Speaking of balance, your upcoming workshop here in Paris, Yoga and Personal Development, touches on finding ease in the middle of stressful situations. Can you expand on that?
This workshop has evolved through my own personal experience of relieving anxiety through yoga, and combines my professional skills as both yoga teacher and coach. We focus on breathwork and movement to release stress hot-spots in the body. I guide students to a place of deep calm with knowledge of how they can move through anxious and stressful feelings. The group coaching aspect of the workshop helps students recognize their fears and stresses, and is often a comfort in discovering we are never alone in our feelings. Sharing our experiences is a huge relief and an opportunity to open up and step towards acceptance and letting go.
Can you give us an example of a typical day at Little French Retreat?
I wake every day between 5h30 and 6h, make a cup of tea and stretch on the mat for an hour. I then feed the dogs, have breakfast and check my emails. After I walk the dogs and return to begin the rest of my day. By then it is around 11h.
Days vary depending on whether I have a retreat or not. But I make sure I cook two good meals a day which takes time and then I balance between retreats, weekly classes, online coaching and managing marketing and social media. I have spent much more time than I would like to on the computer in the process of establishing Little French Retreat, but things are just beginning to get a little easier which gives me more time to be in the garden.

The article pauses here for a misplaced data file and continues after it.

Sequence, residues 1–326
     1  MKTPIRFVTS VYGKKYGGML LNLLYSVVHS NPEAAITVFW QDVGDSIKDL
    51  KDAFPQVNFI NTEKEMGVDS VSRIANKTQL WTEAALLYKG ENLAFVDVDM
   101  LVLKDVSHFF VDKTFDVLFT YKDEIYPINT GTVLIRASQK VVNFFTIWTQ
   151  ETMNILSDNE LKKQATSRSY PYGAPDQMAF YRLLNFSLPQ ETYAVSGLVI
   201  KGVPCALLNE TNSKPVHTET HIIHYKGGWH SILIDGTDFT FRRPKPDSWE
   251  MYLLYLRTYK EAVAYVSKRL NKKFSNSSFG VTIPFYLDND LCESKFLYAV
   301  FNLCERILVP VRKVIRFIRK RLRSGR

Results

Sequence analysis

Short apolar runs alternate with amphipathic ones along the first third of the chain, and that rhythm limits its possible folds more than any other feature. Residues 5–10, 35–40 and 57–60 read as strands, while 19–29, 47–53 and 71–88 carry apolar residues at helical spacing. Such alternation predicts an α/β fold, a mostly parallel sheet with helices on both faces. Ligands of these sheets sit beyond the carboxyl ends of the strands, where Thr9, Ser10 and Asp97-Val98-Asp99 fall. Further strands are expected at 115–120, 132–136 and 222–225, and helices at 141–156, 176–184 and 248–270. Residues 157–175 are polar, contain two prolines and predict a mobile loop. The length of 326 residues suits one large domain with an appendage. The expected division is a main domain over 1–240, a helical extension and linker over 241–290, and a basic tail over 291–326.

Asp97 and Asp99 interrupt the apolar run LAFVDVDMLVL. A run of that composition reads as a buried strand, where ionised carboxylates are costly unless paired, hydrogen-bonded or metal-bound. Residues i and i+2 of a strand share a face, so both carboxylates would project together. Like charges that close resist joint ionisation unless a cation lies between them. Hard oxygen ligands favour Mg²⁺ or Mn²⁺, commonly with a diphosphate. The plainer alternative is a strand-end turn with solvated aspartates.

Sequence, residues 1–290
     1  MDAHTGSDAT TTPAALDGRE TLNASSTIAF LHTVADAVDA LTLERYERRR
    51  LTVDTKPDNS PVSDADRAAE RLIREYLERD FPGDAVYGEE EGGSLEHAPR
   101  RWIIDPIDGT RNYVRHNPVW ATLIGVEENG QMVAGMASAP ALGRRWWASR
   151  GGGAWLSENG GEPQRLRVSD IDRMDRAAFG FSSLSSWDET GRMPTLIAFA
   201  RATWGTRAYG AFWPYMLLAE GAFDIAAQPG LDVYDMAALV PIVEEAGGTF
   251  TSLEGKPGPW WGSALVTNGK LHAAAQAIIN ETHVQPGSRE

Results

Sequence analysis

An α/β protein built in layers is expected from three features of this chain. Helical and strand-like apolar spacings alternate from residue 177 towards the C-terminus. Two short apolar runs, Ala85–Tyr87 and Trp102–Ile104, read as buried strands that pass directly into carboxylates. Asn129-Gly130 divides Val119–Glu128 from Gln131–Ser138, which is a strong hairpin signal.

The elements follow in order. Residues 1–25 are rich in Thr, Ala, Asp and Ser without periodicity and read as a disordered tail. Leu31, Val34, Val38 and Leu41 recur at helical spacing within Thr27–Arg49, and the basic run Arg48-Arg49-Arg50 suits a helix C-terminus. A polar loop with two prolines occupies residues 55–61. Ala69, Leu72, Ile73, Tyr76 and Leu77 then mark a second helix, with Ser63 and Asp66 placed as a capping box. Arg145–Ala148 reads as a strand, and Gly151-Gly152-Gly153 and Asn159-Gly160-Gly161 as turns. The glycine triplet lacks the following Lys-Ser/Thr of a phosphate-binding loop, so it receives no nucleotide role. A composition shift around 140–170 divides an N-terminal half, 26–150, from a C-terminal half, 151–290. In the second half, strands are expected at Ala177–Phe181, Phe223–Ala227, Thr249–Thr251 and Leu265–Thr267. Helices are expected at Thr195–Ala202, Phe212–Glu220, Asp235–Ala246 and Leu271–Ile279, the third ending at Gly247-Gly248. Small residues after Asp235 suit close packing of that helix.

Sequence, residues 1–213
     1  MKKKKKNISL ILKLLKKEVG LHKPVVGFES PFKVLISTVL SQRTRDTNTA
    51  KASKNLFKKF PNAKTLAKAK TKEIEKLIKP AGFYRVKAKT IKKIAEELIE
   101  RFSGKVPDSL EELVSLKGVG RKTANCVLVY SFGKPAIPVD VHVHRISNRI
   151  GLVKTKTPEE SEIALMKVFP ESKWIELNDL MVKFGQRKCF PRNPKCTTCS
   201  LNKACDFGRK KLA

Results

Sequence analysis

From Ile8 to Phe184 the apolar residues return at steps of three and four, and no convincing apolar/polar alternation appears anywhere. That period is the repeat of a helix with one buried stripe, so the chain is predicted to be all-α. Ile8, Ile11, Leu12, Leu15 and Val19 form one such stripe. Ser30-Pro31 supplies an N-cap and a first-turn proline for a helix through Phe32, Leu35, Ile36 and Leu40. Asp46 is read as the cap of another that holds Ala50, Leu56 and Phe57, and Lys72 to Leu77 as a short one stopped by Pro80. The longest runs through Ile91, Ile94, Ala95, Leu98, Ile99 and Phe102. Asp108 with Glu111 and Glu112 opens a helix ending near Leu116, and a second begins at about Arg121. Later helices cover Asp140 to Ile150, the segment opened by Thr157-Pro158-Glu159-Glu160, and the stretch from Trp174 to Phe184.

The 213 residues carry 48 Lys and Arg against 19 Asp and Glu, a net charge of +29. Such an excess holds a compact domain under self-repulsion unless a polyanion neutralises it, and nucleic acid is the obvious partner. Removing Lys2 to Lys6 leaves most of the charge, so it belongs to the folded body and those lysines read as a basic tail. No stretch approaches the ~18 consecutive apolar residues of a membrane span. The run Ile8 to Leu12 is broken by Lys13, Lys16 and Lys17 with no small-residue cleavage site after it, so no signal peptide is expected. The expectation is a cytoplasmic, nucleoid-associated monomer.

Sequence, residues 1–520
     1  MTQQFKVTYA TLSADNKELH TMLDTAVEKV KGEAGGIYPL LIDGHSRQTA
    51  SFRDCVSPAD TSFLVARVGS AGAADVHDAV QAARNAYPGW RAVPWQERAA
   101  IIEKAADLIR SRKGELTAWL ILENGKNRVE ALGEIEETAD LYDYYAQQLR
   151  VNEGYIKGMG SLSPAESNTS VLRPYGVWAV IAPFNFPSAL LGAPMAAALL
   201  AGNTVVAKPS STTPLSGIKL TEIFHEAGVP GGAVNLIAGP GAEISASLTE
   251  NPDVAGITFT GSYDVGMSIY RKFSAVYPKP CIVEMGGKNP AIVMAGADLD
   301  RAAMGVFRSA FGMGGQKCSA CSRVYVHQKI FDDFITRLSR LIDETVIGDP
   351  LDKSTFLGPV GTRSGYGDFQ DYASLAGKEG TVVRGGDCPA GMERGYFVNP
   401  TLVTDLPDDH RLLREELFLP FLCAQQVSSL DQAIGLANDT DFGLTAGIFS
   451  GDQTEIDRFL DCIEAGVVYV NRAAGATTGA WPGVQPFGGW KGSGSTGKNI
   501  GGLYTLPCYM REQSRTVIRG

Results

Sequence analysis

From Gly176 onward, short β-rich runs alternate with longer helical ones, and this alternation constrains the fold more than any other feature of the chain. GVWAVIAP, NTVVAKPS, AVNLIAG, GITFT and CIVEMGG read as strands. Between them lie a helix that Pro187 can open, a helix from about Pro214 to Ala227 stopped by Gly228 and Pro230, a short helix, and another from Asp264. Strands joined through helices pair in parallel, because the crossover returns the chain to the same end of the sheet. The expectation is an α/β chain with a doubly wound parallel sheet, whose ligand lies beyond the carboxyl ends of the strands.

I often like to repeat routines until I have a moment of inspiration and change everything, appreciating newness in another form. Sometimes this happens with the change of seasons and sometimes just because it’s time for a different challenge and the need to not get stuck.
I would describe myself as a typical creative personality type, always thinking outside the box and seeking the experience of change, which I do consciously, to keep an eye on myself my and habits.
You accomplish so much in a single day that we have to ask about your support network. Can you tell us a little bit about your team and how you found all of these dynamic partners?
Working for yourself can be overwhelming at times, yet when I first embarked on a freelance life a good friend recommended I begin to create a ‘virtual team’ of friends and contacts around me. This concept helped me to reach out and ask for help. And I am very grateful for the incredible support I have received.
Now in my fourth year at Little French Retreat, I have my teachers that inspire me to practice and live well as I do my best to pass on their teachings. I have a collection of people that helps me with social media and marketing, and I have traveling yogis and pilgrims who stay every year to help in the garden and with the maintenance of the house. I have found Facebook and Instagram to be invaluable for building connections locally and internationally. And of course by living in my village I have been able to gather together a group of suppliers for everything local. Building an infrastructure takes time and it’s always surprising where help comes from.
One of the greatest things I have learned from my experience of moving to France without friends and the language is that when you are in a place of need and help, being humble and vulnerable is the doorway into heartfelt connections. People love to help others, it’s just we often forget to ask, out of pride or arrogance. Here in France my whole life has changed since I have asked for help, which has led to feeling part of my community. Which to me is a yoga life. Taking the teachings off the mat and into your world.